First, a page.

Today’s guest blog comes from Ron Williams, a former camper and current counselor and director at Camp Sunshine.
Every kid should get the opportunity to go to summer camp at some point in their childhood. I do not wish for any child to be in the position to attend Camp Sunshine, but I am truly grateful that I was. You see, to “get in” to Camp Sunshine, one has to satisfy two specific criteria- first you have to be a kid, which is easy enough, but secondly, you must have been diagnosed with cancer. At camp, there are little kids with leukemia, teens with tumors, and a bit of everything in between…some are on active treatment, some are survivors, and some have stopped their therapy. But whatever brought them there, Camp Sunshine holds a special place in the hearts of its campers…and this I know from experience.
I was a 14 year old soccer standout when a nagging pain in my left shin turned out to be osteogenic sarcoma- bone cancer. I spent my first week at camp shortly after the amputation of my leg below the knee and in the middle of my chemo. I was pretty down in the dumps, but camp lifted my spirits and showed me that life could go on, better than usual even. I learned how to water ski on one leg (a real slalom), a skill that ended up earning me a college scholarship for skiing at Georgia College. After college, when skiing competitions were less available, I switched over to cycling, and after a few years of hard training, earned a spot on the US Paralympic Cycling Team in 2000, 2004, and 2008, bringing home a bronze and a silver medal from the games in Athens.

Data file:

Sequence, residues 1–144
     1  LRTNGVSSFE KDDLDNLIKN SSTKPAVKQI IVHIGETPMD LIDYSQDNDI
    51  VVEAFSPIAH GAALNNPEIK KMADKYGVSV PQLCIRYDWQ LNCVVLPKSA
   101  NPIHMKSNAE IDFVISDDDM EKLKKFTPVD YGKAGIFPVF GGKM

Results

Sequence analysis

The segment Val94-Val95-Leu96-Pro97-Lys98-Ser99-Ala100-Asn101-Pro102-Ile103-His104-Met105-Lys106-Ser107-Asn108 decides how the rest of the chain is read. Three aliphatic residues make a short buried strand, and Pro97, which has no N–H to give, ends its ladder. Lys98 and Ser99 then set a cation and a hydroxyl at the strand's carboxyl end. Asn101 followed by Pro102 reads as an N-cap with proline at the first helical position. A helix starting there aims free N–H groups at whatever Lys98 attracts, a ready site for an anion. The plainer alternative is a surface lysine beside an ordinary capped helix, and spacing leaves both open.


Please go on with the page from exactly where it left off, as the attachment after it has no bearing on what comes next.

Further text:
As proud as I am of these achievements, I am more proud of my continued involvement with Camp Sunshine, starting with four years as a camper, and now as a member of the board of directors and as a counselor each summer. I attribute all of the good things in my life, directly or indirectly, to camp…it was there I learned about setbacks, survival, and success. Camp Sunshine made me who I am, and I am forever grateful. Without the encouragement of the counselors, directors, and other campers at Camp Sunshine, my life would have turned out very differently.